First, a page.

Thus, to take a bang-up-to-date example, Ireland has reversed its old abortion law (giving the unborn child equal rights with the mother) and moved to the other, pro-choice, extreme which will allow abortions unconditionally up to 12 weeks – notwithstanding that foetal brain function can already be detected at 40 days and foetal heartbeat at 6-7 weeks. The wilful destruction of potential life within my body (my closest relative, my [as-yet-unborn] child), declares contemporary morality, must take second place to my right to choose what I want to do with my body.
This vote in far-off Ireland has unexpectedly gained local relevance. The National Council of Jewish Women of Australia has decided to broadcast its acclamation of Ireland’s vote. No doubt the NCJWA believes that they stand up for the highest moral and ethical values among which the rights of women feature highly. Unfortunately these values bear no resemblance to the strong moral imperatives of authentic Judaism. True enough the old law did not represent the Torah standpoint. But the new law resembles it even less!
The slew of other contemporary moral challenges including voluntary euthanasia, assisted suicide and same-sex marriage throw up the same dissonances, namely that my moral duty to preserve existing life and create new life is outweighed, in modern morality, by my personal autonomy. Many within the Jewish community still take a traditional stance towards VE and AS although there are signs that this too is sadly changing. As for same-sex relationships, the tolerance and even approval level within the Jewish community has reached a level that would have been deemed unthinkable even a few years ago. Very recently a Sydney synagogue classified as Orthodox held a Friday night dinner to honour “invited (non-Jewish) members of the LBGTIQ community”. Its aim, which it presumably regarded as the ultimate in reflecting “strong moral values”, was to show how diversity-respectful it was. That it may have alienated or sidelined members of its own, non-LBGTIQ, Jewish community did not apparently cause it any moral anguish. Clearly another example of the chasm between contemporary and authentic Jewish morality which, of course, unconditionally outlaws same-sex unions.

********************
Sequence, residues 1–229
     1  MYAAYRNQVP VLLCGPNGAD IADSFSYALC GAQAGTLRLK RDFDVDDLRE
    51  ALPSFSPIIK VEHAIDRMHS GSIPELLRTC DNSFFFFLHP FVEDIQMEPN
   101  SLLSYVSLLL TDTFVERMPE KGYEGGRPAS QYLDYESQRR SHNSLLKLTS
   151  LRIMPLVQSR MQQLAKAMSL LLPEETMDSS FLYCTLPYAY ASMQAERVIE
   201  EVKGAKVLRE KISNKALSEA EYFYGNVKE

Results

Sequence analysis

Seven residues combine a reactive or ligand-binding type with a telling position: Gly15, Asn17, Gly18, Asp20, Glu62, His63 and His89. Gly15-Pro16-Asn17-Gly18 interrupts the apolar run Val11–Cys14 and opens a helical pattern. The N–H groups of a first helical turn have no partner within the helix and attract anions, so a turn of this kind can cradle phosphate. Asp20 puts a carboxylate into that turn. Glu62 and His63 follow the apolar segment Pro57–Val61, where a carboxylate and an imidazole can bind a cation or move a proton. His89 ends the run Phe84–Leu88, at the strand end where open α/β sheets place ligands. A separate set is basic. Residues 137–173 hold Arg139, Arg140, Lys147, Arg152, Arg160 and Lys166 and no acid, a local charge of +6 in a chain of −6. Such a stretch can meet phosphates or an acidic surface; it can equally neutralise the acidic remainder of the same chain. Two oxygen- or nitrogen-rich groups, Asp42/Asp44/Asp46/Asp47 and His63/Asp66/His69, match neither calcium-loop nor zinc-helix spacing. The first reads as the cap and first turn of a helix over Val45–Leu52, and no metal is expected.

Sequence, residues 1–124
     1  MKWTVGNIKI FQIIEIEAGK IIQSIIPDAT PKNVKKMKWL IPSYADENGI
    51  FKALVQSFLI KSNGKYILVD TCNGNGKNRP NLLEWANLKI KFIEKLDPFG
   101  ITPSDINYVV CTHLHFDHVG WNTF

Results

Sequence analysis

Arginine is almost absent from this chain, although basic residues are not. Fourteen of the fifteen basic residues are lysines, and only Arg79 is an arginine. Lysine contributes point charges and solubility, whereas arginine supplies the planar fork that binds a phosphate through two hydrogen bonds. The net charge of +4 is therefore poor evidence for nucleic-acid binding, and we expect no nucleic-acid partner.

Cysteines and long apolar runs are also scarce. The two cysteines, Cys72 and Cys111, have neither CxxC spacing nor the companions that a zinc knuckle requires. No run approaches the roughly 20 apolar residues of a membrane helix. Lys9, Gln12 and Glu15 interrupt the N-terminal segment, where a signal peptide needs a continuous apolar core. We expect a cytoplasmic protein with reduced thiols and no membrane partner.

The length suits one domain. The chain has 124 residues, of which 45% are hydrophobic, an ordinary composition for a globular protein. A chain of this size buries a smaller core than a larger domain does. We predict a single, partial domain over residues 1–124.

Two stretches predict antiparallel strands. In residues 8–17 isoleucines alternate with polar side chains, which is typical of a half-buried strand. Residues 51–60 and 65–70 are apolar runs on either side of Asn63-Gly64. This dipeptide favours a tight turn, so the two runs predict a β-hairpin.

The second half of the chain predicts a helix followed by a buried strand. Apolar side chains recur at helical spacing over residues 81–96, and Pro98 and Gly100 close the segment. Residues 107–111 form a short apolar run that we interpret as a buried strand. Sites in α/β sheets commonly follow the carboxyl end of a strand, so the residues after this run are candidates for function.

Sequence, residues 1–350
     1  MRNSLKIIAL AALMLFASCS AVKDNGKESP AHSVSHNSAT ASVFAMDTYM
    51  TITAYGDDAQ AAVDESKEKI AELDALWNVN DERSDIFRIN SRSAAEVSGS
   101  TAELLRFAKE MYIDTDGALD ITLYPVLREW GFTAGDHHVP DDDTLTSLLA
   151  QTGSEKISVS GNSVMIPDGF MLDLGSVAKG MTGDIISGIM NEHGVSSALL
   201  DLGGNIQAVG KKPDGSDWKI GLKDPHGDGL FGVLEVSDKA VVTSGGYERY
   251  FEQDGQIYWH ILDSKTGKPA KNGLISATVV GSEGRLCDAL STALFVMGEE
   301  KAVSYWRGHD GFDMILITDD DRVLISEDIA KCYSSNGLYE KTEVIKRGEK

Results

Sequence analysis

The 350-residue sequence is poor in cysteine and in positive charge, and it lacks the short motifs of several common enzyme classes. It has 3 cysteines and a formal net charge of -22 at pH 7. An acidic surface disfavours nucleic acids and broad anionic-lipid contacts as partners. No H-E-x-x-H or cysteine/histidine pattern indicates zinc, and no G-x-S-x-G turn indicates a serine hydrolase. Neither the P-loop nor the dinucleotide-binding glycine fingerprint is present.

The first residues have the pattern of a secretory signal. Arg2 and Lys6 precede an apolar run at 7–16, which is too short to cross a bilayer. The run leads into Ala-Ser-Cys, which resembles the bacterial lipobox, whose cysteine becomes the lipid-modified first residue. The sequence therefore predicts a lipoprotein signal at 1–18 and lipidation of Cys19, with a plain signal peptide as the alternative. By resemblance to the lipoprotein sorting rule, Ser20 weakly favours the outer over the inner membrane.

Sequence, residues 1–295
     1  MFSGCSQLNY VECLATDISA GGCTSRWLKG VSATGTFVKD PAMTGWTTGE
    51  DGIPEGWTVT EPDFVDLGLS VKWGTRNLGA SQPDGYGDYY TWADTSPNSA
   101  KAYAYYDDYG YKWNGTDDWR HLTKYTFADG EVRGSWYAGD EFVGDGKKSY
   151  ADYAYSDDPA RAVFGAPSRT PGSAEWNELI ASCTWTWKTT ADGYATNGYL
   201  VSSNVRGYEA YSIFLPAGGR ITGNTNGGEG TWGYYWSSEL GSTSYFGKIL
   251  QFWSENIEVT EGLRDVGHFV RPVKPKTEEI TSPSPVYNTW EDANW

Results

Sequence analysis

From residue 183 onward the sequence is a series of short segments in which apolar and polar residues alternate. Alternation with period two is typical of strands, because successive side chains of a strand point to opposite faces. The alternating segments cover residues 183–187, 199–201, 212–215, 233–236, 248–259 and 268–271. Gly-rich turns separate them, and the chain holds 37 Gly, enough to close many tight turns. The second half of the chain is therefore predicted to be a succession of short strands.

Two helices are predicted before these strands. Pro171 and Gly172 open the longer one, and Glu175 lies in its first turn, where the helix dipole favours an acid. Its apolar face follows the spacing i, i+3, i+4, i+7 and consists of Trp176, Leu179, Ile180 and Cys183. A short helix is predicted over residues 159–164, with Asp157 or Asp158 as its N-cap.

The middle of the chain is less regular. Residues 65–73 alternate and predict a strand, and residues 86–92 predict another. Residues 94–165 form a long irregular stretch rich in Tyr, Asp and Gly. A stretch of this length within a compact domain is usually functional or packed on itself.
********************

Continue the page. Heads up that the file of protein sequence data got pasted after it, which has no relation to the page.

2) Global Societal Reform – The New “Global Morality”
On the level of ‘responsibilities’, the modern focus is directly on the global sphere (paradigm 2). In the secular Jewish world, this phenomenon is known as tikun olam.
Here, contemporary morality asserts, we are not to embrace a parochial outlook. This doesn’t just mean not being racist. (Indeed discrimination founded solely on race has no place in Torah Judaism. Any person from any race may become Jewish – even Amon, Moab or Amalek!). The political liberal Left, which appears to have convinced everybody they hold the monopoly on ethics and morality, preaches that we must show no special consideration to our own families, coreligionists or fellow-citizens but must be equally committed to the rights of those whose interests may even conflict with our own. Otherwise we are guilty of discrimination, one of the worst moral evils of contemporary secular morality.
This is nowhere more graphically demonstrated than in the attitude to the defence of Israel’s borders by the IDF assumed by the world’s media and, shockingly, Left-leaning elements within our own communities.
In a typically trenchant piece published less than a fortnight ago, Australian-born, Israel-based Jewish activist Isi Leibler writes: There is a serious sickness among Jews when so many feel more concern about the death of those seeking to kill us than anxiety for their own kinsmen.
Such is the “new morality”. We must show “proportionality” in defending ourselves. If they wound ten of us but by the grace of G-D no Israeli lives are lost, Israel mustn’t dare kill a single murderous terrorist or the wrath of the nations will descend upon our heads! No matter that it is only be-siyata diShemaya through the IDF and the Iron Dome that casualties do not soar into the hundreds or thousands, r.l. We are not permitted, according to the international rules of morality of engagement, to create a situation where our borders are safe and the residents of Sderot and the Sha’ar haNegev region can sleep easy in their beds at long last!
This could not be further from the Torah view (see Deut 20:10-13) which teaches that (a) initially one is to offer a peace pact to any warring nation; (b) however if that offer is refused and one is subject to enemy attack one can and must target the entire militia. (If the enemy is forcibly using innocents as human shields the responsibility for their deaths lies squarely with their militia.) The Talmud expresses it succinctly (based also on Exodus 22:1). If someone comes to kill you, rise up and kill him first!” (Berakhot 58a) In this scenario we are to show no misguided mercy.